Whether you have been inside for just a quick visit of a few weeks, remanded in custody or served a long sentence you will have grown used to prison. Whilst release is never as great a shock as going inside for the first time, it can never the less be quite a shock to the system.
All decision making has been taken away from you, you will, most of the time, have been treated like a criminal, an idiot, a danger to society. Swear words will be ingrained in your mind to be uttered every few words even to your best friends or women. The odd Prison Officer who might have treated you like a person will have been like an oasis in a desert of misery and despair but remember you have survived.
If you are to survive life on the outside you need to prepare. If you have nowhere to live you will need a home to go to. If you have no money you will need money to live. See your entitlements to money on leaving. You will not be penniless on release but you will be soon after.
One way the system tries to help you adjust is to have home visits and community visits during the last weeks and months of your sentence. Obey the rules as any breach could get you longer inside. This means staying clear of pubs, drugs and trouble. Also being back on time and not trying to smuggle anything back inside.
Shelter, the local authority and other agencies will be able to help you obtain new accommodation but if you think this is a good fresh start, think again. You must make contact with these people to make sure you have a place to live.
If you can make contact with the Benefits Agency before you leave prison it is likely to speed up the process of securing your income.
You need to ensure in the last few days in Prison that you have everything you came in with including anything purchased or handed in at reception. Give away spare phone cards, food etc to other prisoners. If you want to hand over your radio to another prisoner than ask permission.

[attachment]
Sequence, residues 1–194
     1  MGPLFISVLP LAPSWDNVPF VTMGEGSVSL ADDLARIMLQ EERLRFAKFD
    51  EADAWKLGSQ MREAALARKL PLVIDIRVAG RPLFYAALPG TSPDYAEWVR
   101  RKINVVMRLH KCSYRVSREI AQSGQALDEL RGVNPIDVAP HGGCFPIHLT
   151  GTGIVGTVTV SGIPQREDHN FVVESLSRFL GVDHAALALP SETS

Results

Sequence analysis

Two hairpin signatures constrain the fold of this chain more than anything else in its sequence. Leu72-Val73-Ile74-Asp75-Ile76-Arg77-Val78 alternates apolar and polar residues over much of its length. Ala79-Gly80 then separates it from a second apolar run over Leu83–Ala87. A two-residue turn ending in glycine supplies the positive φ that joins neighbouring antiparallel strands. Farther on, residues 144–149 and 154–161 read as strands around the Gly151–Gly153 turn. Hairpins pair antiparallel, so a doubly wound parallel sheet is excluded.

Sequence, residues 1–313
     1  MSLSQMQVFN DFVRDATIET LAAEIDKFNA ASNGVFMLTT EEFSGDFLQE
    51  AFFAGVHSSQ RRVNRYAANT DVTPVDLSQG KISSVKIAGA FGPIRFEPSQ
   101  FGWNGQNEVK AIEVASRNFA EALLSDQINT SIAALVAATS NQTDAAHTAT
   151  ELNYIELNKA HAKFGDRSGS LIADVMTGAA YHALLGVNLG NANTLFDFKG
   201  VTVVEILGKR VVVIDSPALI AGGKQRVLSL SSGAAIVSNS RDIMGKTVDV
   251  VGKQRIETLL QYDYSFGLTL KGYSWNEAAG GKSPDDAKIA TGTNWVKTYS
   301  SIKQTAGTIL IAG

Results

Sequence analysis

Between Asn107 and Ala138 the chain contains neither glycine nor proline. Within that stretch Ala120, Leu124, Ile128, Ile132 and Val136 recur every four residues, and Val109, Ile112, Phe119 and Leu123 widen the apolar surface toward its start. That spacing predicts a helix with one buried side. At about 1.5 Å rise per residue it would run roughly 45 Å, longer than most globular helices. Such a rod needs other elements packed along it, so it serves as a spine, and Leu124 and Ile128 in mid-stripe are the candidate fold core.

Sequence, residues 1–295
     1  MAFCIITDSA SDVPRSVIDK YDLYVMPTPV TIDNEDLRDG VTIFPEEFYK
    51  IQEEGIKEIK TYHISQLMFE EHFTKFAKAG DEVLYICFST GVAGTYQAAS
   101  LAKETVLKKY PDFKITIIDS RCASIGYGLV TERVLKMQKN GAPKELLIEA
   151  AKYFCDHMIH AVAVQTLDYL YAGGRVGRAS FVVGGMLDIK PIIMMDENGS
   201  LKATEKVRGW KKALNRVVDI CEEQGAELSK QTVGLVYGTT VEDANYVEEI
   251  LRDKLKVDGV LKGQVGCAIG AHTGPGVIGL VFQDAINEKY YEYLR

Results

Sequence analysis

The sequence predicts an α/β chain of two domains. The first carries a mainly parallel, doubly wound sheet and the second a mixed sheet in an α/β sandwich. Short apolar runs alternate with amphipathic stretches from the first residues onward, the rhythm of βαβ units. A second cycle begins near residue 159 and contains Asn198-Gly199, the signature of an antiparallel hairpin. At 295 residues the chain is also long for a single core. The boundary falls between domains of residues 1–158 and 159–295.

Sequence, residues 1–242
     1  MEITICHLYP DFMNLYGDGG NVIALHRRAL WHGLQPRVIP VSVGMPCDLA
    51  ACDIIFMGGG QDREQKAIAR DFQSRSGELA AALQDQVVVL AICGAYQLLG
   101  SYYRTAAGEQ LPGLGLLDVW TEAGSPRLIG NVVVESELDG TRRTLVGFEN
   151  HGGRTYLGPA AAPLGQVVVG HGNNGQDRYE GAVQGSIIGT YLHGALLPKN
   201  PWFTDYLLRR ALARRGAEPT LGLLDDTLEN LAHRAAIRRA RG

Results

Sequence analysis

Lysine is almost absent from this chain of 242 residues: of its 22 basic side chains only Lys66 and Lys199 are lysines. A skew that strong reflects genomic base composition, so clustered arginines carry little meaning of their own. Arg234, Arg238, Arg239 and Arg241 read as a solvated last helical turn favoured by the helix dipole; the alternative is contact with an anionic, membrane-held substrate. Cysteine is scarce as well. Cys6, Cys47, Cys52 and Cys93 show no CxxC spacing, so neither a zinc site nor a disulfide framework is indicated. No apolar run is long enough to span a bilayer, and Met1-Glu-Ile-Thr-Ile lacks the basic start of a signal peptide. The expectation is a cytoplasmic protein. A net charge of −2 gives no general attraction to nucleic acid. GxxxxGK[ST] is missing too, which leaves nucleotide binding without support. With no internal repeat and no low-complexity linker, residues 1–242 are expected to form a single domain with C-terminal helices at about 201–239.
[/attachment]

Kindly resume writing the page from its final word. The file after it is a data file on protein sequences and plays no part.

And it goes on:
All prisons have their own procedure for leaving. At one I was in there was a paper chase on the last day. Getting signatures from all over the prison to say that you had handed back all equipment taken eg library books, prison chaplain, gym.
Resist the temptation to party the night before. I realise that if you are anywhere except a Cat D open prison the ability to party is somewhat limited but you will know if there is alcohol or drugs around. You are likely to be tested before leaving, so don't give cause for a negative test. After all you want to be out, not in on a charge.
If you intend to keep in touch with your mates inside remember to take their contact details. Be wary of giving your contact details on the outside to people who might be very nice and helpful inside but with whom you would not want to mix on the outside.
The last night will be pretty sleepless but the cold and rude Prison Officers will continue to the last. Try not to be provoked by their actions or utterances.
On morning of release in the prison which I last attended, an open prison, the process was for a cell inspection by the Wing Officer and then attendance at Reception with all personal belongings, bedding and the Paper Chase signatures. Then strip off and dress in your own clothes, sign the license, sign for all clothing and property, then to see the Release Officer who will supply you with a rail warrant, release grant and any money left over from personal cash and earnings. Then on the bus to the station.
The outside world will appear so beautiful and the local pub is attracting you like a magnet. Only when you are home can you relax.